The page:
While attending Susan G. Komen’s Race for the Cure in Washington, D.C., Black Fields learns a shocking fact about breast cancer.
Content categorized as Physical Health
A long-awaited downtown service center for D.C.’s homeless residents officially opened on Feb. 25 at the New York Avenue Presbyterian Church at 1313 New York Ave. NW. The grand opening comes after the mayor’s initial plan to open the center on Nov. 1.
After going through several iterations since early 2017, the Public Restroom Facilities Installation and Promotion Act was advanced through the Committee on Transportation and the Environment.
There is a lack of services available to victims of domestic violence in Washington, D.C. A coalition of advocates assessed 22 District agencies and the D.C. Council to evaluate how they handle situations of domestic violence internally and externally.
This 10-year study in Boston, Massachusetts, analyzed the discrepancies between the mortality rates of the unsheltered homeless population versus the sheltered homeless population.
Tyrone Chisholm Jr. writes this series to demonstrate the challenges and opportunities
he has found while homeless, employed and enrolled in higher education in our
Behavioral health specialist Richard Bebout is piloting a comprehensive high-tech project to provide care services to homeless patients with a complicated physical or mental health history.
The Northeast is experiencing a heat wave. What resources are available to help D.C.’s homeless community cope?
As treatment for HIV has improved over the years, federal funding dedicated to housing for HIV-positive people has not. Service providers are struggling to help new people in need as others continue to age and housing costs skyrocket.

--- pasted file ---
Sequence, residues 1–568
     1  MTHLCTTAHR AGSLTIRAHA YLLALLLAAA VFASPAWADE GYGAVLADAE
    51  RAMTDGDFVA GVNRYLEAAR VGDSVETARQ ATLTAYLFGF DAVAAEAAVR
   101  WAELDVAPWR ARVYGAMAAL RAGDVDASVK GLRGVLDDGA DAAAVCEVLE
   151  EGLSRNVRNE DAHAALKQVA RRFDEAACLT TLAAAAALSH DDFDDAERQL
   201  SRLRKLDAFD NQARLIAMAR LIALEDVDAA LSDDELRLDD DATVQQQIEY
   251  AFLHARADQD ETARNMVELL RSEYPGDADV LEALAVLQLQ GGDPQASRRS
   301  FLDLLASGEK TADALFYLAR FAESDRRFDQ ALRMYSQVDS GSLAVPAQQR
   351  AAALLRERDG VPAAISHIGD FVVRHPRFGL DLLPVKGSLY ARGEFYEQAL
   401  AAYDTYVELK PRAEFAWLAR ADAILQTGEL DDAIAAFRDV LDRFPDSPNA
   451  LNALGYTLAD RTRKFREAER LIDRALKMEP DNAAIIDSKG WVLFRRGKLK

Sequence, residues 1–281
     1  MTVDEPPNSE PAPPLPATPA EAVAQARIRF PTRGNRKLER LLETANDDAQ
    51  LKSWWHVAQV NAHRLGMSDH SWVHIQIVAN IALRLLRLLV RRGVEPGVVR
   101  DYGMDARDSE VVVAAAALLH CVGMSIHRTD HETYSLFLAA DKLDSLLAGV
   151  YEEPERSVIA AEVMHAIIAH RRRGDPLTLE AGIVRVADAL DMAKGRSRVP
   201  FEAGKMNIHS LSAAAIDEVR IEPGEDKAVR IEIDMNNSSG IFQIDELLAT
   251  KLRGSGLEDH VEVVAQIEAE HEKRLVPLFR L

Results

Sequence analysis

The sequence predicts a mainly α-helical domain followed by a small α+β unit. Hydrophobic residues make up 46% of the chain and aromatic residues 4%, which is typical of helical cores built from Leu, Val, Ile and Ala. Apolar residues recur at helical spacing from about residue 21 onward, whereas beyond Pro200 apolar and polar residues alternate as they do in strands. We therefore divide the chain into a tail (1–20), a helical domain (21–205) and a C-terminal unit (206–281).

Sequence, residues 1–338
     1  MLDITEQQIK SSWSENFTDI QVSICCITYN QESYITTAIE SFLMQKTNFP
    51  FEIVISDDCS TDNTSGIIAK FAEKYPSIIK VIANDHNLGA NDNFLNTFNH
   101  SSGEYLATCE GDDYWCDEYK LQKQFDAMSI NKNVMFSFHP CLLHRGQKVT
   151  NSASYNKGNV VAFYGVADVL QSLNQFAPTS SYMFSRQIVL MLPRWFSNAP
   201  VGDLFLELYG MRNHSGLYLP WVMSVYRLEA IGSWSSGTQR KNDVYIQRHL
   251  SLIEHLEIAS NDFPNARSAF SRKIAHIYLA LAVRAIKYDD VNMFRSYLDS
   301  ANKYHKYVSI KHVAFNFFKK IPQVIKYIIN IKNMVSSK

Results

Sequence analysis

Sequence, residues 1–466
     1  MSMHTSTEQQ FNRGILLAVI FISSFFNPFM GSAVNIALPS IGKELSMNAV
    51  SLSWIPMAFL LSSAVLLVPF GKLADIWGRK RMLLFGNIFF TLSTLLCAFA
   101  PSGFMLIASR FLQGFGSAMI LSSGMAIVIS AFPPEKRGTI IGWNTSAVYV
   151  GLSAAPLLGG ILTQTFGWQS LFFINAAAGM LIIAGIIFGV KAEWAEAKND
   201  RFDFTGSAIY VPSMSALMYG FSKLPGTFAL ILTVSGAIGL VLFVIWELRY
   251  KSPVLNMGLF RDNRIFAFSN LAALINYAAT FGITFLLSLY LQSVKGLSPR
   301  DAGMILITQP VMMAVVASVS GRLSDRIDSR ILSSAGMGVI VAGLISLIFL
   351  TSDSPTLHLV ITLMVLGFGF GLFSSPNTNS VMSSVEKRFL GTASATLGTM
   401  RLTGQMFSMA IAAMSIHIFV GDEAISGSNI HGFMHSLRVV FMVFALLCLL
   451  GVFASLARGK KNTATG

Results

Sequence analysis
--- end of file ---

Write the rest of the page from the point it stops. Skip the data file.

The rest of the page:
Artist/Vendor Robert Williams asks how the problem of veteran homelessness can be solved.
D.C. nonprofit Community of Hope reopened its redesigned health clinic in Adams Morgan after two years of renovation. The new clinic has more facilities and specialized resources to serve the immigrant and asylee communities in Ward 1.
On April 19, Mayor Muriel Bowser launched ‘Right Care, Right Now,’ an initiative by D.C. Fire and Emergency Services that transfers non-emergency 911 calls to nurses at clinics around the city. The program was launched to preserve the resources of District hospitals for medical emergencies, and connect patients in non-emergency situations with more effective care.
DC residents, disability-rights advocates and service providers testified on February 14th during the Committee on Human Service’s Performance Oversight Hearing lead by Chairwoman Brianne Nadeau.
Cancer is a very invasive and destructive enemy. Even afterward, attempting to repair and restore the damage caused by the treatment to fight the disease, the body remains broken. It is a very long process. With the side effects of chemotherapy and radiation, you will never be 100 percent, because your immune system is weakened. My father was a victim of this aggressive and deadly disease.
United Nations Special Rapporteur Philip Alston visited several locations throughout the United States to observe and report on extreme poverty and its human rights implications.
Many witnesses at at D.C. Council oversight hearing for the Department of Health criticized D.C. Health Care Alliance.
A get well letter from the Street Sense Media Team to Toni, a Street Sense vendor.
Robert Williams calls for increased care towards homeless senior citizens, sharing an experience he had with a homeless friend recently.
After budget cuts last October, Thrive DC has cut its hot meals offered from five days a week to three days a week, as well as decreased the hours that clients may use the facilities. Clients and staff alike said they are upset about these changes, but have been working to adjust to the new schedule.
Scott Lovell talks about the health problems he has had in 2017